If you ever want to truly terrify your child and ensure they lose at least a week or two of sleep, I advise buying them a copy of Alvin Schwartz’s Scary Stories to Tell in the Dark. Don’t let the name fool you, either--you could tell these in the light and still be scared to the point of mild hysteria. Oh, and if the written word alone isn’t enough to get you, don’t worry; Schwartz has conveniently packed these books with the one-two punch of horrifying tales and gruesome, grisly illustrations. Well played, Schwartz. Our parents may not have been able to convince us to use a nightlight, but you ensured we wouldn’t fall asleep until we’d switched on every bulb in the house. Truly, well done.
Schwartz’s Scary Stories titles included Scary Stories to Tell in the Dark, More Scary Stories to Tell in the Dark, and Scary Stories III: More Tales to Chill Your Bones. Released between 1981 and 1991, these books scared a generation’s worth of children with their fast-paced story telling and spooky unresolved mysteries. Schwartz derived most of his stories from urban-legend type folktales, taking decades-old stories and weaving them into bone-chilling narratives punctuated with eerie sketches by Stephen Gammell.
To this day, I find I can hardly endure a basic Google Image search of Scary Stories to Tell in The Dark--the pictures are just that memorable and that creepy. If you think it’s gross to read about a man whose face is slowly dripping off, imagine having to endure image after image illustrating his unfortunate and gruesome fate. Yech.
It’s unsurprising that Schwartz’s Scary Stories titles are among the most frequently banned of children’s books. After all, Harry Potter contains enough sorcery and magic to get parental watchdog groups in a tizzy, so just imagine the ante upped by adding all manners of severed limbs and hatchet-wielding headless ghosts. These anti-Scary Stories groups allege that the books’ content and imagery is too mature for its intended audience of mid-to-upper elementary students. Other common reasons for the ban are its preoccupation with the occult and the commonplace use of bloody violence. The same adults crying out over R.L. Stine’s tongue-in-cheek Goosebumps series were up in arms over Schwartz’s collections; according to the supporters of the ban, these books were just too scary for children.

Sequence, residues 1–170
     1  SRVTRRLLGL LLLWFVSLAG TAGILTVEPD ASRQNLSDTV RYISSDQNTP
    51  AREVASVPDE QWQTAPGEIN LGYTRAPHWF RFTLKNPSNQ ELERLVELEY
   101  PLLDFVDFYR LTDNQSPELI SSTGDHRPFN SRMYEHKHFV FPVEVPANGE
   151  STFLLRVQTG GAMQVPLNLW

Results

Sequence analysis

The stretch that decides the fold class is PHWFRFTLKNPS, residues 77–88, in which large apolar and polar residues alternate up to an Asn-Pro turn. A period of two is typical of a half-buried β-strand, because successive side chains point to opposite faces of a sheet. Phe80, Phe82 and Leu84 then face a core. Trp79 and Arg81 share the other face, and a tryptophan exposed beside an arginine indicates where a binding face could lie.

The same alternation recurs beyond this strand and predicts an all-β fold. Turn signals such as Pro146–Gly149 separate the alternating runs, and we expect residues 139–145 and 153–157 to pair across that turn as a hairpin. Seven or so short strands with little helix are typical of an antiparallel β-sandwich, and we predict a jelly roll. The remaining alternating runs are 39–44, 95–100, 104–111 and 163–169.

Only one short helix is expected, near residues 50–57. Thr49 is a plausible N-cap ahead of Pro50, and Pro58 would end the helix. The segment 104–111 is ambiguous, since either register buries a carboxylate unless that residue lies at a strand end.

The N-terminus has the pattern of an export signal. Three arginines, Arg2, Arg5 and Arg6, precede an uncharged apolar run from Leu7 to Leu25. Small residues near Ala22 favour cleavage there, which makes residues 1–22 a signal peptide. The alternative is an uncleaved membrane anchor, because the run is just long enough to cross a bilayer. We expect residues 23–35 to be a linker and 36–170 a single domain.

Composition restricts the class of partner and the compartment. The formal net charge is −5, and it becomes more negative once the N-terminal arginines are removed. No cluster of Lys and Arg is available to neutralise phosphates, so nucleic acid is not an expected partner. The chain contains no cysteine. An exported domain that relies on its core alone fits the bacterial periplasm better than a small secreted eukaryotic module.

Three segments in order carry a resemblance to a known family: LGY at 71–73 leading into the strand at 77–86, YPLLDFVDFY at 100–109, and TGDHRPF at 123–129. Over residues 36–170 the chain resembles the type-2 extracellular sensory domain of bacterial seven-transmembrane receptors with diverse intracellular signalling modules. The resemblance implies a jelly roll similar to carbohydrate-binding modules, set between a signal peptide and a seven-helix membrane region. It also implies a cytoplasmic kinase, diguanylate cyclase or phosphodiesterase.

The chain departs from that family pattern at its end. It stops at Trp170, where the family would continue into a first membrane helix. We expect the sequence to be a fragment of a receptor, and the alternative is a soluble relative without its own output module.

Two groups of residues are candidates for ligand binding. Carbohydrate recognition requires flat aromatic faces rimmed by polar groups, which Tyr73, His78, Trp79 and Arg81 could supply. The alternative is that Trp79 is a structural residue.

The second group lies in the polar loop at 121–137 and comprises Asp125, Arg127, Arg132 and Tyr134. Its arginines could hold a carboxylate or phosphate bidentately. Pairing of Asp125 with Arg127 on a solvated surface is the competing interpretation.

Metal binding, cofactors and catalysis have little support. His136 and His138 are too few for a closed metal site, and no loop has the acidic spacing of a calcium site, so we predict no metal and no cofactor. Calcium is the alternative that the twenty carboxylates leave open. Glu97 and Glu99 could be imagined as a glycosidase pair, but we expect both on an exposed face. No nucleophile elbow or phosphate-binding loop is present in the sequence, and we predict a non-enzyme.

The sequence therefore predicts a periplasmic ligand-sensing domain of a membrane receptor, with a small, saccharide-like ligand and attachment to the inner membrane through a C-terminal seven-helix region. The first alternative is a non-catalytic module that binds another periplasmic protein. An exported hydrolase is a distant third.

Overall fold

Of course, the more something is shunned by adults, the more instantly attractive it becomes to children. Though the original book is nearly 30 years old, it still shows up frequently in current-day top ten banned children’s books lists. Despite its critics’ best attempt to have the book removed from libraries and bookstores, the Scary Stories series maintain an enduring popularity with children itching to test their scare limits.
Schwartz’s simple storytelling and skill for building suspense made these books a thrilling read, encouraging children who may not otherwise show interest in reading to pick one up for the sheer fear factor. Many of the stories even come with handy guides for scaring your friends around the campfire while bottom-lighting your chin with the eerie glow of a flashlight. What could be better than a book that tells you when to raise your voice or to pounce on your friends? I don’t know about you, but I prefer a book with some dramatic stage directions.
While the stories may not be in the realm of adult-geared horror novels, they do have a certain creepiness that resonates with readers even past the intended 7-12 year old audience. The content alone isn’t always particularly terrifying when held against the test of time, but anyone who read these as a child is sure to remember the way that they felt when they heard it initially.
Monsters under the bed or zombies in the closet once seemed not like a fanciful story but as a viable option for children with overactive imaginations. For those with regularly active imagination, there were always illustrations to push you over the edge. I’ve tried to include some of the less grisly ones in this post, but conduct a Google Image search at your own risk. I’m warning you, though, they will lodge themselves somewhere in the innermost depths of your cerebral cortex and haunt your dreams. Just as a caveat, I’m not to be held accountable for your ultimate stomach-heaving reaction to the guts and gore. That one’s all on you.